But why are some guys so hostile at the mere thought of a woman being into, and god forbid better at, the same things they are into? I’m not going to get into any specific theories. Most I think come from some insecurity or another I think. But I’d rather focus on the positive. Every fandom, whether it be traditional nerd type stuff, pro sports, and everywhere in between is enriched by having as diverse a group of fans as possible. The funny thing is, diversity has been a common theme in nerd/geek things. Why would you be so opposed to a woman being a fangirl? At least the hostility comes from a seemingly shrinking minority. Maybe it will always be there. But what can you do? Life is to short to focus on negative people. Especially when there are so many good comics, games, books, tv shows, and movies to geek out about with good people that are men, women, and everywhere in between. Why not let women take the lead and waive the banner? It gives us fanboys the possibility of 50% more friends and allies. And who knows, maybe if you treat one of these new friends/allies with respect, she just might like you in a more than a friend way. And if not, you still got a new awesome friend. I don’t see a downside. As for Becky Hammon, she has a good chance of being the first woman to get a championship ring from a male pro sport while these critics are still sitting at home trying to figure out some sort of “witty” insult to post somewhere.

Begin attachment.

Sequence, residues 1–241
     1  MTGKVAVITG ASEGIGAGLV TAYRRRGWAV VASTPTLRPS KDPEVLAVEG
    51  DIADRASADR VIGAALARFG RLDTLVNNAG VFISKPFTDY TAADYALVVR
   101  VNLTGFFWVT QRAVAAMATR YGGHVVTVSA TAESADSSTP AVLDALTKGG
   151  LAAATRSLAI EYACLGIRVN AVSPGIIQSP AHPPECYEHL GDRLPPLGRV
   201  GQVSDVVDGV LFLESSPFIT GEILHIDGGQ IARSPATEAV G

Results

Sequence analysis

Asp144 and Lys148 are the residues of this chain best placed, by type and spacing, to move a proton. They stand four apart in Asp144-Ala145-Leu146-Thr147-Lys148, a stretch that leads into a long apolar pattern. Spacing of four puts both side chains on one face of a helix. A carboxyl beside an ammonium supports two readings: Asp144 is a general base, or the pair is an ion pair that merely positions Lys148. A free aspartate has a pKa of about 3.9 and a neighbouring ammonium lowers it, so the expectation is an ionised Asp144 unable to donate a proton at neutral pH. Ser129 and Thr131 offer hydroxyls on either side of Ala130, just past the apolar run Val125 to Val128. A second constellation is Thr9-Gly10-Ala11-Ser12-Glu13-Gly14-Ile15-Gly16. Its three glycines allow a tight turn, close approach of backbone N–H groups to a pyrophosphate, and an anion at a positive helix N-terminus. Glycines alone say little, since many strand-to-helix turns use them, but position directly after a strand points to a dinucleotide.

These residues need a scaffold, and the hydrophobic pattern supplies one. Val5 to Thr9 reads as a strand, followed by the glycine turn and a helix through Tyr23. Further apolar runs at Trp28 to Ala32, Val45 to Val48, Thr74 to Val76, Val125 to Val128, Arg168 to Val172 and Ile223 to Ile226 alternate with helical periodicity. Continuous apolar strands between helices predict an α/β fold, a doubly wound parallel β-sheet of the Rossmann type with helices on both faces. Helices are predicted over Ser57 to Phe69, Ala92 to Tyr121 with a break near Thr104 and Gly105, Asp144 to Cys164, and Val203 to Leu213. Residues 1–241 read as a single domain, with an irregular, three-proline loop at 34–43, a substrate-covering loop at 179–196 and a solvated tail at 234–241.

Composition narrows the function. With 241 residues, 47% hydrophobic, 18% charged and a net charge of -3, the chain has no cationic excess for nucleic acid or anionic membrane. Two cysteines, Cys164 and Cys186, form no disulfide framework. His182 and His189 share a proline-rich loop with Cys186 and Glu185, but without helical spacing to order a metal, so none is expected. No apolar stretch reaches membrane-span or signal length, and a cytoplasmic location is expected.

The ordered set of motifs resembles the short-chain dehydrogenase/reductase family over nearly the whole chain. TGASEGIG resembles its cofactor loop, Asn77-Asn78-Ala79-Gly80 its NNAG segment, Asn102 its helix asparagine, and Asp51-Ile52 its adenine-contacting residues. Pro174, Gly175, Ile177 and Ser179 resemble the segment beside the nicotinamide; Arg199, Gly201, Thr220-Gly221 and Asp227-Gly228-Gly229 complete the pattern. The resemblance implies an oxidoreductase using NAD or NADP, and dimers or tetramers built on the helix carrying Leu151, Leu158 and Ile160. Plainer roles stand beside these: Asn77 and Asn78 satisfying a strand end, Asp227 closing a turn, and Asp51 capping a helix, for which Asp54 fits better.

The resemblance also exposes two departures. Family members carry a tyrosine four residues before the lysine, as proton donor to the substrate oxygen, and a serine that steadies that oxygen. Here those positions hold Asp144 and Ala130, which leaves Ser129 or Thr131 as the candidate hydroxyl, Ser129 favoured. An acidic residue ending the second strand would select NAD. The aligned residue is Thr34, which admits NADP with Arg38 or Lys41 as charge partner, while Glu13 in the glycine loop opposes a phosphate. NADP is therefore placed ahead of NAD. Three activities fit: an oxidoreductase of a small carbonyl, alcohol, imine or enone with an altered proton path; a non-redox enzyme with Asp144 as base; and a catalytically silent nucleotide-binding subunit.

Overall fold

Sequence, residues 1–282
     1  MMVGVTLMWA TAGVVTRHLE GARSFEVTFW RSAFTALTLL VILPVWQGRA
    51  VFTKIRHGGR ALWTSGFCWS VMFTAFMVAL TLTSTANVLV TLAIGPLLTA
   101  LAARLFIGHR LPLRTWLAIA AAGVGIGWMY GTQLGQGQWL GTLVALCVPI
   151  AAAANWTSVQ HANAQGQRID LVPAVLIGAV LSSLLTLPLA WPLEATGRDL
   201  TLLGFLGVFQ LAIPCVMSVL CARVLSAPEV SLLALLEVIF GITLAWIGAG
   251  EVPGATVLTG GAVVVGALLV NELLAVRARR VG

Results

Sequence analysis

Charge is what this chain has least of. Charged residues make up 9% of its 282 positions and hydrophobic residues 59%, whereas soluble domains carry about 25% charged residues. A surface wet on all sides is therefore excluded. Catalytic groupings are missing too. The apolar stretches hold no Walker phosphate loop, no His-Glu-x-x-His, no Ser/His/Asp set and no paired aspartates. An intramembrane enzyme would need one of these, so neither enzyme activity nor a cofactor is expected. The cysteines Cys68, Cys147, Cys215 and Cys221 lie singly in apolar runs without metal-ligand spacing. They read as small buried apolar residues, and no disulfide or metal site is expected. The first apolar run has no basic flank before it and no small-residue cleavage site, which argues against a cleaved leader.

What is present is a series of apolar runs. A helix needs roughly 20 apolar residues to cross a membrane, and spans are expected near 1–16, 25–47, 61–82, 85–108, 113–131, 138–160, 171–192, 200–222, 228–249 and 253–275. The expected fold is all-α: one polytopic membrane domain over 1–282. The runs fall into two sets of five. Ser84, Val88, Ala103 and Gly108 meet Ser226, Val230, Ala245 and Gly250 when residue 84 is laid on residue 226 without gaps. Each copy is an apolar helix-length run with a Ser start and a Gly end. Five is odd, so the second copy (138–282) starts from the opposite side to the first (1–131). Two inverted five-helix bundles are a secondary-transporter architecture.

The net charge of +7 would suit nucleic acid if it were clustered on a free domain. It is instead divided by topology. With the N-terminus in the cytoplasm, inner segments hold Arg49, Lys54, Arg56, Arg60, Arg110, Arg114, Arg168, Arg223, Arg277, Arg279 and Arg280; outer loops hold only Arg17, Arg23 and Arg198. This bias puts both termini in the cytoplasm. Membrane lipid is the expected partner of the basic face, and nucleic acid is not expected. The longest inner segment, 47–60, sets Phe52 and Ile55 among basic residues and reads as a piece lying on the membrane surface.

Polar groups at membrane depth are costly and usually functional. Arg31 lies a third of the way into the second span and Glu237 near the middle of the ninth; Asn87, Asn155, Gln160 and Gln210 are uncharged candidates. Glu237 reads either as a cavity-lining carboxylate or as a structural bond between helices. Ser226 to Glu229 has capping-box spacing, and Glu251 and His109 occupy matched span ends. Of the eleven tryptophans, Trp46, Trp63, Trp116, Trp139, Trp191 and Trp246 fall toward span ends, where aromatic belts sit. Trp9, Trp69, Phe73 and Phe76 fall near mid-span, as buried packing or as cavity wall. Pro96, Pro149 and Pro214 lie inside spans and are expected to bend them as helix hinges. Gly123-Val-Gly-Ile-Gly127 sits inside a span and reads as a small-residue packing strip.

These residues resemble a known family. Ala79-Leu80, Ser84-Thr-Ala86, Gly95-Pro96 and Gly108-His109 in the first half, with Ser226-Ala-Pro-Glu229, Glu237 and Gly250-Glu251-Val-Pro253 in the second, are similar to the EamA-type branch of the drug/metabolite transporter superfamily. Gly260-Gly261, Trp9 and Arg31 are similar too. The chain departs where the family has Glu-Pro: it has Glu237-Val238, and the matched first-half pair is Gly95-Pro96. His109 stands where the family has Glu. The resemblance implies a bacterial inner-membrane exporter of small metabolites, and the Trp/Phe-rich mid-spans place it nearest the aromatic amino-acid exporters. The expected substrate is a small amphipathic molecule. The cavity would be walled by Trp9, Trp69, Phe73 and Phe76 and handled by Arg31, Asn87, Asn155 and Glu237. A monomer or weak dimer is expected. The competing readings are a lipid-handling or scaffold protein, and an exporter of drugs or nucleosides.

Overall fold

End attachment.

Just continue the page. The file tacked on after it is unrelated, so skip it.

I don't typically "get all serious" and walk into territory that can get overly political and dramatic. In fact, I was hoping to write something more in keeping with the light nature of this blog for my 100th post. But this has been on my mind lately and it's an important topic. I hope I was clear and fair about this. Comments and questions are welcome. But please be civil.

Thursday, August 7, 2014

Random speculation featuring Deadpool

While Fox is busy trying to take down that test footage that just won't die, fans keep getting a taste of what could have been. And if the stars line up right, maybe something that could still happen. You should be able to find said test footage easy enough in a search. It's really good. Fan reaction has pretty much been...